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Fujifilm X-T1 Review



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  • Classic design
  • Outstanding handling
  • Excellent image quality
  • Class-leading viewfinder


  • No touchscreen

Key Specifications

  • 16.3 megapixel APS-C size sensor; 2.36 million dot OLED viewfinder; Dust, Water and Freeze resistant to -10°C; SD UHS-II compatible; Magnesium alloy build and quality; ISO sensitivity 100 - 51,200 (expanded); 1.04million dot Tilting LCD screen

What is the Fujifilm X-T1?

Fujifilm’s X-series has grown rapidly since it arrived in early 2011 with the Fujifilm X100 and its fixed 23mm f/2 Fujinon lens. The ‘game changer’ Fujifilm X-Pro 1 entered the scene in 2012. As the first interchangeable X-series model with its own XF-mount system of lenses, it was aimed at photographers, professional and enthusiast alike, who craved outstanding image quality but from a more conveniently sized system with a design inspired by classic film cameras.

Fujifilm then focused on expanding the series with slimmed-down versions of the X-Pro 1 such as the X-E1, and later the X-E2. Meanwhile, the X-M1 and X-A1 have made inroads into the consumer market, rivalling Sony’s Alpha CSCs (formerly NEX) and Olympus’s PEN series. Now the company has returned to its premium range with the X-T1. Sitting between the X-Pro 1 and X-E2, the X-T1 breaks away from the usual rangefinder design and is styled like a DSLR.

SEE ALSO: 10 Best Cameras You Can Buy

Fujifilm X-T1 7

Fujifilm X-T1: Features

The X-T1’s most notable features are all on the back. Here you’ll find a large 0.77x, 2.36m-dot electronic viewfinder, which sits above a 3:2 aspect 1,040k-dot screen – in the manner of a DSLR. It’s a tilting screen that, of course, is of great help when shooting from high or low angles.

Wi-Fi is included and ties in with a new Fujifilm app that supports the ability to control more functions, including AF-point positioning. An optional vertical battery grip (VG-XT1) is available too, along with a slightly smaller optional metal grip. Full HD video is present but there’s no in-built flash. However, Fujifilm has provided a clip-on external flash and a standard hotshoe.

With regard to AF, the X-T1 carries the same new algorithm introduced with the XE-2 for accuracy in low light. It also has the X-E2’s EXR Processor II, with a reported start-up time of 0.5sec and a shutter time lag of 0.05sec.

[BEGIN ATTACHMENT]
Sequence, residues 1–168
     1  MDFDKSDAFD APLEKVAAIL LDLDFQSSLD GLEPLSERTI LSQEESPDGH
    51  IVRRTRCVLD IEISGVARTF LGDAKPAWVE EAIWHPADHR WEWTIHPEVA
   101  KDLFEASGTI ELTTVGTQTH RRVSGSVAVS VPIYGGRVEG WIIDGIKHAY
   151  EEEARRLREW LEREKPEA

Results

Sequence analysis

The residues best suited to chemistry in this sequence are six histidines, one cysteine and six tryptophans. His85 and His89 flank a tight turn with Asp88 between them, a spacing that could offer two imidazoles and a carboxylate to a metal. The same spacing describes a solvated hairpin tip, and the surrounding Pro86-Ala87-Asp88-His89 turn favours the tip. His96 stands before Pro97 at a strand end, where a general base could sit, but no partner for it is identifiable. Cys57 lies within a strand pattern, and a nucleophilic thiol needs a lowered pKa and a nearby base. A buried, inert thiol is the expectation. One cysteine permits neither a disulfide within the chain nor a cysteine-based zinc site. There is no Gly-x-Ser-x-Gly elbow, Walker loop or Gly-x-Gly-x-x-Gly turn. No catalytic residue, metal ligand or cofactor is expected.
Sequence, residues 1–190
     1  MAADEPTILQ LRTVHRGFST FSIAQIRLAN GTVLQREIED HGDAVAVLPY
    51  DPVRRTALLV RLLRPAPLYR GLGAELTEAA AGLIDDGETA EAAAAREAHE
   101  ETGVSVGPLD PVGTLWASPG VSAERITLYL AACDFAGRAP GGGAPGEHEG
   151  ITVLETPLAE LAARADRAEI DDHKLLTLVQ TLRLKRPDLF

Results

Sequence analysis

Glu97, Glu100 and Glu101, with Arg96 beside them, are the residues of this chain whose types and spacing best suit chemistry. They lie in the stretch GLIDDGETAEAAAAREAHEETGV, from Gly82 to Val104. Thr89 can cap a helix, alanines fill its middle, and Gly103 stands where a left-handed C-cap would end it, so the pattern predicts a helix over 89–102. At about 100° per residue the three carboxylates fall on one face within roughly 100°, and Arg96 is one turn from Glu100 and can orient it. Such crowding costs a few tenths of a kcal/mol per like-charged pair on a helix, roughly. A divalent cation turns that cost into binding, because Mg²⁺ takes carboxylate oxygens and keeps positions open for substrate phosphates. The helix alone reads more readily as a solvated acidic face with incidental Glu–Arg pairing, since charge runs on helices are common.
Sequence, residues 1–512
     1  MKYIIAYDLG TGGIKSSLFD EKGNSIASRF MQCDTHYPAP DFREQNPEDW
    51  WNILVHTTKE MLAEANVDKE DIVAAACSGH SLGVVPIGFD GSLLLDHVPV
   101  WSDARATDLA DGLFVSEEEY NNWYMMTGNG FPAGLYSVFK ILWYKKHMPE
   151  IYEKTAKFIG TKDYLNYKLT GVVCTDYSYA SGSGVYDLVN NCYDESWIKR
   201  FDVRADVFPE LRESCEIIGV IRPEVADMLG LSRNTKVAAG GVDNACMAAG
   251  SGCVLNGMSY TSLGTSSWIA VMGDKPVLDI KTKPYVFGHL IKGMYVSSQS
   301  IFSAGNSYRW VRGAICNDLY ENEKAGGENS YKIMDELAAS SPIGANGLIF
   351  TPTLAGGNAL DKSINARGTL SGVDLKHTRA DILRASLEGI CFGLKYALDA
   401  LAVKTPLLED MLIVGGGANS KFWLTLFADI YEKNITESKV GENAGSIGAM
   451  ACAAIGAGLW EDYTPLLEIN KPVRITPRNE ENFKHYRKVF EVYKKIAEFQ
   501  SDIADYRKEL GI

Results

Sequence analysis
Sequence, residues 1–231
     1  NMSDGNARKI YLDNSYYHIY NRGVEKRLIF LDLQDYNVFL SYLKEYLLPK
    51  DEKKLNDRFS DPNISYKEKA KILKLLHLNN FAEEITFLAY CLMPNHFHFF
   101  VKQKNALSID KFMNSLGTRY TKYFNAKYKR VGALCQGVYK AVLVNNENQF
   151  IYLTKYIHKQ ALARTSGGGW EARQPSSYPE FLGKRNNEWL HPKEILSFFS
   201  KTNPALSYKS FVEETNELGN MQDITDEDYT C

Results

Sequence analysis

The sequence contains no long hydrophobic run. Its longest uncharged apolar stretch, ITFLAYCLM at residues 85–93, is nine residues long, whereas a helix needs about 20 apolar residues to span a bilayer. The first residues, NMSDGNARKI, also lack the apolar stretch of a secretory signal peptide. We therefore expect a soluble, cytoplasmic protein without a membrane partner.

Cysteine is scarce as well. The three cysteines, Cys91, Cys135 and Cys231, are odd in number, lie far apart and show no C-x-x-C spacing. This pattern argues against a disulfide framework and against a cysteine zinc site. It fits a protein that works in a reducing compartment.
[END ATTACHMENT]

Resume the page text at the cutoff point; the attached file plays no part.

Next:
Fujifilm X-T1 camera with tilting LCD screen displayed.

Its ISO range is rather modest – running from 200-6400 – but this can be
expanded to equivalents of 12,800 and 25,600 at the high end and ISO
100 at the low end. However, these expanded settings only allow
recording in the JPEG format, not raw.

Shooting rates are fast – 8fps with continuous AF or 3fps with live view, which is 1fps faster than the X-E2 and 2fps quicker than the X-Pro 1. The X-T1 also draws on Fujifilm’s heritage in providing film simulation modes that mimic the company’s film, such as Astia, Velvia and Provia. There are four monochrome modes.

Now to the sensor. It’s the X-E2’s 16.3MP effective resolution APS-C sized X-Trans CMOS II, the dimensions of which (23.6×15.6mm) place it between micro four thirds sensors on, say, the Panasonic Lumix GX7 and full-frame sensors in the Sony A7, A7R and the Nikon Df DSLR.

With a structure more akin to a film sensor, the X-Trans CMOS II chip is capable of keeping moiré and false colour to a minimum, doing away with the need for an anti-aliasing filter. What’s more, the X-T1’s sensor has over 100,000 phase-detection pixels built into the chip to provide it with an ultra-fast hybrid AF system that takes advantage of both phase-detection and contrast-detection.

Switching between the two for optimal focusing speed is said to be as fast as 0.08secs.

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